If you sit in a shopping cart in your local grocery store with all your limbs inside the basket, you’re pretty much immobile. By thrashing around violently, you might get the cart to shift a few inches one way or another, but unless the floor is uneven, your thrashing will typically result in no real motion. If you really want the cart to move, you have to exert a force on the outside of it—such as the floor or the wall of the store—not the inside.
That’s a simplified version of a fundamental law of physics, known as the conservation of momentum. That law governs all sorts of phenomena, including rocket engines, collisions between electrons, and car wrecks. It’s well established by a huge number of experiments, so it’s not something you can jettison lightly. Yet, that’s what a new proposed thruster is supposed to do, and while no reputable physicists are taking it seriously, a small semi-independent lab under the NASA umbrella has given it an official stamp of approval.
The idea is fairly simple: take a sealed metal canister and fill it with radio waves, which are a low-energy form of light. By adjusting the frequency of that light until it hits a special point, supposedly the whole canister exerts a thrust without anything leaving it. That means the initial outlay of energy to start the radio waves going is all you need; the thruster itself consumes no fuel, and you get free momentum from nothing. Realistic thrusters, by contrast, spit out some hot gas, which transfers momentum to the spacecraft.
I’ll state it outright: there’s no way this thruster could work. Based on the well-established laws of physics discovered over centuries, the results of the experiments on the thruster itself performed in China and the United States, and basic scientific methodology all speak against it. Other writers, like Phil “the Bad Astronomer” Plait, are a bit kinder toward the idea, while still being clear it probably can’t work.
We expect exciting new discoveries at the fringes of scientific knowledge—low temperatures or high energies, special materials or high pressures. We don’t expect strong violations of well-established principles like the conservation of momentum.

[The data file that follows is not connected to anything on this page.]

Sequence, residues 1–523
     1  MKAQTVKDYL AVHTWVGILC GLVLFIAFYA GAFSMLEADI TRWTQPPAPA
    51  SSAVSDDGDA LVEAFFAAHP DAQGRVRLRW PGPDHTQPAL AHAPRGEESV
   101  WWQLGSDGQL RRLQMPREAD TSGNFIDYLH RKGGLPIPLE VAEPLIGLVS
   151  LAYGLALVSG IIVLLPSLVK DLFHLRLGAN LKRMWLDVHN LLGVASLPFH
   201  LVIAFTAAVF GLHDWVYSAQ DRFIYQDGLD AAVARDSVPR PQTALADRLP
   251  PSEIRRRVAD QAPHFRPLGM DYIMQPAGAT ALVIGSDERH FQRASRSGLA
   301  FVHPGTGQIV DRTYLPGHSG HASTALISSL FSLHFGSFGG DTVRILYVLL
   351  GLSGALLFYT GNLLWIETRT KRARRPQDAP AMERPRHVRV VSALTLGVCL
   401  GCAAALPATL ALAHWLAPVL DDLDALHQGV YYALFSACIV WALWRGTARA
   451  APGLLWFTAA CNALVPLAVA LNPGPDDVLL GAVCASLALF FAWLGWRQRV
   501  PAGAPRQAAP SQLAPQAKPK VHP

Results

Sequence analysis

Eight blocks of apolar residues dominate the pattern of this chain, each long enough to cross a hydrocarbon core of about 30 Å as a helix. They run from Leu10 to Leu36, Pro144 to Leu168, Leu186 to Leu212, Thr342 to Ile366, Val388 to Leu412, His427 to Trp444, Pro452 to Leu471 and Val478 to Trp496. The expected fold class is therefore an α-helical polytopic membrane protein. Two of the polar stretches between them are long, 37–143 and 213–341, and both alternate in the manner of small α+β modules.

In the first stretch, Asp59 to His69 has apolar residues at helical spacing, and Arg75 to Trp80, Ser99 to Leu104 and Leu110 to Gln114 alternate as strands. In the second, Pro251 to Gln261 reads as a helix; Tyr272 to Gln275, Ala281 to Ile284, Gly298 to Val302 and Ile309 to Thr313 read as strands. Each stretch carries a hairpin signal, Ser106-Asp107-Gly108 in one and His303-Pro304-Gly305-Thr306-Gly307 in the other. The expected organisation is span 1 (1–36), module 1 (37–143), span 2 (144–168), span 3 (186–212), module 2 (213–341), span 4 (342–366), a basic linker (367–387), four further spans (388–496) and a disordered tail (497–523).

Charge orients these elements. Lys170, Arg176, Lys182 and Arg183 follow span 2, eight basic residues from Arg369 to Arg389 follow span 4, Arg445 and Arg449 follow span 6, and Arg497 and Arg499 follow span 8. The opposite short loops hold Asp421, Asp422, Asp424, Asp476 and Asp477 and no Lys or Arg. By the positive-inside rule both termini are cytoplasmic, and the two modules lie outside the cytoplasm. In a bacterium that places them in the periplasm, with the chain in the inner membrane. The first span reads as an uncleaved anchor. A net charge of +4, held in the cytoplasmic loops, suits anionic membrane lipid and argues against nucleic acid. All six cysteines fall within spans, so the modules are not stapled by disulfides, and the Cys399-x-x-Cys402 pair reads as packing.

Supposedly, the thruster exploits a loophole in physical laws involving virtual particles, but that argument falls apart with a little knowledge. Bad-movie-ish as they sound, virtual particles are a feature of quantum field theory, one of the two fundamental theories underpinning modern physics (the other being general relativity). Quantum field theory encompasses stuff like Higgs bosons, neutrinos, and other subatomic particles of the most exotic sort, and one branch is the best-tested of all theories in science.
Virtual particles aren’t real particles, which is obviously the origin of their name. Instead, they’re sort of like the turbulent ripples around the prow of a boat, while the boat is the actual real particle, such as an electron. Physicist Matt Strassler argues we shouldn’t even think of them as “particles” in the first place, which I agree with. Since they aren’t real, virtual particles are freed from a few—though not most—of the rules governing normal particles like photons or quarks.
Weird as the theory is, invoking “quantum physics” is not an escape clause from obeying physical laws. To claim that interactions between photons and virtual particles can allow violation of the conservation of momentum is sheer nonsense. It doesn’t help that the researchers invoke something they call a “quantum vacuum virtual plasma,” which isn’t actually a thing in quantum field theory or anything else but the imagination.
However, it’s also fair to ask whether the thruster works, regardless of whether the explanation is correct. Even there, the answer is no, as physicist John Baez explains in detail. The TL;DR version: the NASA researchers didn’t test the thruster in a vacuum, which means they can’t rule out the possibility of disturbances by air currents. They also found the same results when they tested their “control” apparatus, designed to give zero thrust, which means basically their experiment failed—yet they still reported it as a success. Additionally, the amount of force the researchers measured is quite small compared with the input energy, meaning it’s probably explainable using more mundane physics: no exotic quantum effects needed.
It’s telling that the same researcher developing a questionable “warp drive” is also working on this reactionless thruster. Both designs seem based more on wishful thinking than on science, and both have flaws that become obvious with a little physics knowledge. As we all know, wishful thinking accomplishes nothing; science requires careful experimental work and adherence to the laws of nature.
Real rocket science works. NASA shouldn’t involve itself, however tangentially, with dubious research of this kind.